Petitioner initially relies on United States v. Lee, 573 F.3d 155 (3d Cir. 2009). In Lee, a case decided on direct appeal, the government provided to the defendant a photocopy of the front of a hotel registration card, which indicated that the defendant had rented a hotel room for one night. At trial, the jury examined the actual card and discovered writing on the back of the card indicating that the defendant had extended his stay. The Third Circuit found that the government had committed a Rule 16 discovery violation and that its denial of defendant's motion for mistrial was an abuse of discretion because it denied the defendant the opportunity to adjust his defense theory. Because the defendant was denied the opportunity to meaningfully prepare, the Court determined that a mistrial, rather than a curative instruction, was proper. Cf. United States
v. Iyamu, 393 F. App'x 667 (11th Cir. 2010) (district court did not err in denying motion for a new trial because the government did not commit a Rule 16 discovery violation). Review of the instant action is not on direct appeal and it is not within this Court's purview to determine whether the trial court abused its discretion. Rather, this Court must decide whether the Pennsylvania Court's decision upholding the denial of a mistrial was contrary to, or an unreasonable application of, clearly established federal law as determined by the Supreme Court of the United States. The Court's ruling in Lee simply is of little value in making this determination.
Petitioner also cites to Vazquez v. Wilson, 550 F.3d 270 (3d Cir. 2008). In that case, Vasquez and Santiago were on trial for murder and other offenses. The evidence showed that three men were driving a car when one of them fired a weapon at another vehicle, killing the victim. A weapon was recovered which contained one fingerprint that was matched to Vazquez and other prints that were too smudged for comparison. Santiago gave a statement in which he reported that he was the driver and that Vazquez and another individual, George Rivera, were the passengers, and that Vazquez was the shooter. Santiago did not testify at trial, and the prosecution introduced his statement, substituting "my boy" or "the other guy" for the names of Vazquez and Rivera. Santiago's attorney was permitted to tell the jury that Santiago had identified the other individuals by name and had offered to show the police their homes. Vazquez took the stand and testified that Rivera (who was not on trial) was the shooter, and that Rivera passed him the weapon telling him to get rid of it. In closing argument the prosecutor effectively eliminated the redaction by reinstating the defendant's name in the statement, thereby identifying Vazquez as the shooter. Following closing arguments, the court instructed the jury that it should not consider the co-defendant's statement as evidence against the defendant. The jury acquitted Santiago and convicted Vasquez.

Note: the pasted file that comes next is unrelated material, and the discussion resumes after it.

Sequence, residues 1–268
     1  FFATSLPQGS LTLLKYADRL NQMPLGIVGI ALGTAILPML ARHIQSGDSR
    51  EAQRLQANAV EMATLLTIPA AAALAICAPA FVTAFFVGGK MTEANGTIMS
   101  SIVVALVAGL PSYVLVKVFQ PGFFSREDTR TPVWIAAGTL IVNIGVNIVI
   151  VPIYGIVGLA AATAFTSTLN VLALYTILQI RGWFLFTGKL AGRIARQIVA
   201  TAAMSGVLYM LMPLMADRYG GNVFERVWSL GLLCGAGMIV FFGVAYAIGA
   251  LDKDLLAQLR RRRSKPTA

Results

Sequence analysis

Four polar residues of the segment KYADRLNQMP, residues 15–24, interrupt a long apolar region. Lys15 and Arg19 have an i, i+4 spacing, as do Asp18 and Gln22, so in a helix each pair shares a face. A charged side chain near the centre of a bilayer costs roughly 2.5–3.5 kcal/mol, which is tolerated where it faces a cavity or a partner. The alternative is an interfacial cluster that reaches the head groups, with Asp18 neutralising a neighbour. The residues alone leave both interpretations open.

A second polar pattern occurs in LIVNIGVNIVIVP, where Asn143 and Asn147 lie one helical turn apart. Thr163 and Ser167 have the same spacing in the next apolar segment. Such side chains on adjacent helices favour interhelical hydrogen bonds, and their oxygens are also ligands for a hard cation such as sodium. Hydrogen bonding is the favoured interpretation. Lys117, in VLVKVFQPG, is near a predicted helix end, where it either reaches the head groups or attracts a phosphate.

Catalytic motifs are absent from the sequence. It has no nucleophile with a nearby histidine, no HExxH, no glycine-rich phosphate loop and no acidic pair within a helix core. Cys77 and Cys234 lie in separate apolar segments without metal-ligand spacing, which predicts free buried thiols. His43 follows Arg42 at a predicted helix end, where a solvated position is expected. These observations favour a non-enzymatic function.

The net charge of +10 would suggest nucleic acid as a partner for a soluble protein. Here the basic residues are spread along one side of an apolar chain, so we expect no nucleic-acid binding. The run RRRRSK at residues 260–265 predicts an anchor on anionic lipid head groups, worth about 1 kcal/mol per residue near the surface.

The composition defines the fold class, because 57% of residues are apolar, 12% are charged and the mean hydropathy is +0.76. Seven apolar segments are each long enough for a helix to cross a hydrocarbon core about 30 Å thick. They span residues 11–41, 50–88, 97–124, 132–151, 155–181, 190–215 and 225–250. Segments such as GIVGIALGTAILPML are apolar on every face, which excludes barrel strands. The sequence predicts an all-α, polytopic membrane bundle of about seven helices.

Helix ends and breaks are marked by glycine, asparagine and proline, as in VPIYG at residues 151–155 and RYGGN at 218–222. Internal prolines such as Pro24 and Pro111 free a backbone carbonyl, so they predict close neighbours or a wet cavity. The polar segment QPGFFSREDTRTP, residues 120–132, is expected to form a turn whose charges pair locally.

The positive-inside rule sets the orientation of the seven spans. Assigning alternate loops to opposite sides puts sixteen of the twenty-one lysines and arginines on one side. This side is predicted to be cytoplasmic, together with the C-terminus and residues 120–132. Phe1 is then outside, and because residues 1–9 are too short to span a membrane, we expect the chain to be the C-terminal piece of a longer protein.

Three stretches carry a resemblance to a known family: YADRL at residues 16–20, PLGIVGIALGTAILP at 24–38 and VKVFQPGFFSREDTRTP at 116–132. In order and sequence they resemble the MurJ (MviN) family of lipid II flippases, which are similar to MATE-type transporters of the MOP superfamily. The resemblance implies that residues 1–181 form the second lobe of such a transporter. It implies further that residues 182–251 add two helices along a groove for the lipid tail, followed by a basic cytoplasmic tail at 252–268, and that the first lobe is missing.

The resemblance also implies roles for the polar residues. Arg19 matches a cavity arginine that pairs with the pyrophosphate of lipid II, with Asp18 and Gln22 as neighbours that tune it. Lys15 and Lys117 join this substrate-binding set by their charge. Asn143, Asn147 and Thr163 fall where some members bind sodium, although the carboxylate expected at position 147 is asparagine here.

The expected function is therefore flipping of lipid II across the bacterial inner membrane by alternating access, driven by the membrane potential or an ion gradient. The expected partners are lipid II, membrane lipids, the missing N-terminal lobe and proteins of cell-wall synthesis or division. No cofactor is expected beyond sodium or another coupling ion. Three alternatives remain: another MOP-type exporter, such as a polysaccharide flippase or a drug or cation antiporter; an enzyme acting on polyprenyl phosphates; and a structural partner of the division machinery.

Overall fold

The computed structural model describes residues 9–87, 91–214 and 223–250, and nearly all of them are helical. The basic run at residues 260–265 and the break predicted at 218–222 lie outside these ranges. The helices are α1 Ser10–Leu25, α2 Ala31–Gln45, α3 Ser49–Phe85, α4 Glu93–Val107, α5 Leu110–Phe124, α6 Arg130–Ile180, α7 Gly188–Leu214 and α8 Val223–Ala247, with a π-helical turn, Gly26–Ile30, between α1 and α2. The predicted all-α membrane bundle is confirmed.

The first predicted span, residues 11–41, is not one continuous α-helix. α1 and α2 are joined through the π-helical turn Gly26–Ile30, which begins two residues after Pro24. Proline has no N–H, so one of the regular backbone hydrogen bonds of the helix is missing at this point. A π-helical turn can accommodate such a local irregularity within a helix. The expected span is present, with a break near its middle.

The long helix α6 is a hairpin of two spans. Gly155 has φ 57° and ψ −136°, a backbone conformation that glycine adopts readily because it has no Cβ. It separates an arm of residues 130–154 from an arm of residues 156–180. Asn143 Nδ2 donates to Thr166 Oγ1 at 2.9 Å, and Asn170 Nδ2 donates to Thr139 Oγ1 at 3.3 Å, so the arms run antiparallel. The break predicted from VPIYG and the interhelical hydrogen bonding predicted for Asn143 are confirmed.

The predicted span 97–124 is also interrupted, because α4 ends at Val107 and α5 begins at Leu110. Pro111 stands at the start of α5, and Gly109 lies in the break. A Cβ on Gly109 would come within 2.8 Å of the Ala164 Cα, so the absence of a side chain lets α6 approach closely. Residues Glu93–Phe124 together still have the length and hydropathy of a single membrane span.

On federal habeas review, the Third Circuit concluded that the state courts had unreasonably applied the Confrontation Clause, in violation of Bruton v. United States, 391 U.S. 123 (1968). In Bruton, the Supreme Court held that a defendant is deprived of his Sixth Amendment right of confrontation when the facially incriminating confession of a non-testifying co-defendant is introduced at their joint trial despite clear and strong cautionary instructions that the confession could only be used against the co-defendant. In his concurrence, Justice Stewart explained "I think it is clear that the underlying rationale of the Sixth Amendment's Confrontation Clause precludes reliance upon cautionary instructions when the highly damaging out-of-court statement of a co-defendant, who is not subject to cross-examination, is deliberately placed before the jury at a joint trial." 391 U.S. at 137-38 (Stewart, J., concurring). Moreover, in Vazquez, the court further noted that it was clear that the "curative" instruction was ineffective because the jury came back with questions regarding whether they were to consider the co-defendant's statement as evidence. Thus, Vazquez, which was decided on the basis of a Sixth Amendment violation, has no application in Petitioner's burden to show that the Pennsylvania Court's determination that the trial court did not err in failing to declare a mistrial after striking inconsistent testimony was an objectively unreasonable application of Supreme Court precedent concerning the Due Process Clause.
Petitioner also relies on Moore v. Morton, 255 F.3d 95 (3d Cir. 2001), where the victim, a Caucasian female, was brutally raped and assaulted in her dark house when she was not wearing her contact lenses. She required hypnotically enhanced memory to provide a composite sketch of her alleged attacker, Clarence Moore, an African-American man. In his closing argument, the prosecutor made three statements which the Court of Appeals for the Third Circuit deemed prejudicial, notwithstanding the trial court's curative instructions to the jury. The prosecutor first inferred that Moore, whose wife was Caucasian, had a proclivity for Caucasian women and, therefore, selected the victim because of her race. Next the prosecutor improperly argued that Moore raped the victim because of his need for sexual release because his wife had recently given birth and was suffering from complications. Finally, the prosecutor offered the remark that the jury would perpetrate a worse assault on the victim if they thought she was lying. The Third Circuit reversed the district court's denial of Moore's petition for a writ of habeas corpus, finding the prosecutor's improper race-based arguments to be highly prejudicial and in derogation of his right to a fair trial. Specifically, the Court noted that the prosecutor's "selection" argument appealed to "biases against miscegenation and ugly stereotypes . . . [and such] [r]acially or ethnically based prosecutorial arguments have no place in our system of justice." Id. at 113. The prosecutor's "sexual release" argument, also improper, was deemed adequately remedied by the trial court's curative instruction. Id. at 116. Furthermore, the Court held that the prosecutor's equally prejudicial comment that the jury would commit "a worse assault on [the victim]," amounted to "an improper appeal to the jurors' passions." Id. at 117. The Court noted that while this remark, standing alone, could be cured "with strong instructions like those the trial judge issued here . . . when viewed in light of the prosecutor's 'selection' argument, we believe that due process concerns are implicated" and concluded that "[t]ogether, the prosecutor's 'selection' argument and the 'perpetrating worse assault' argument were not only improper but prejudicial." Id. at 118.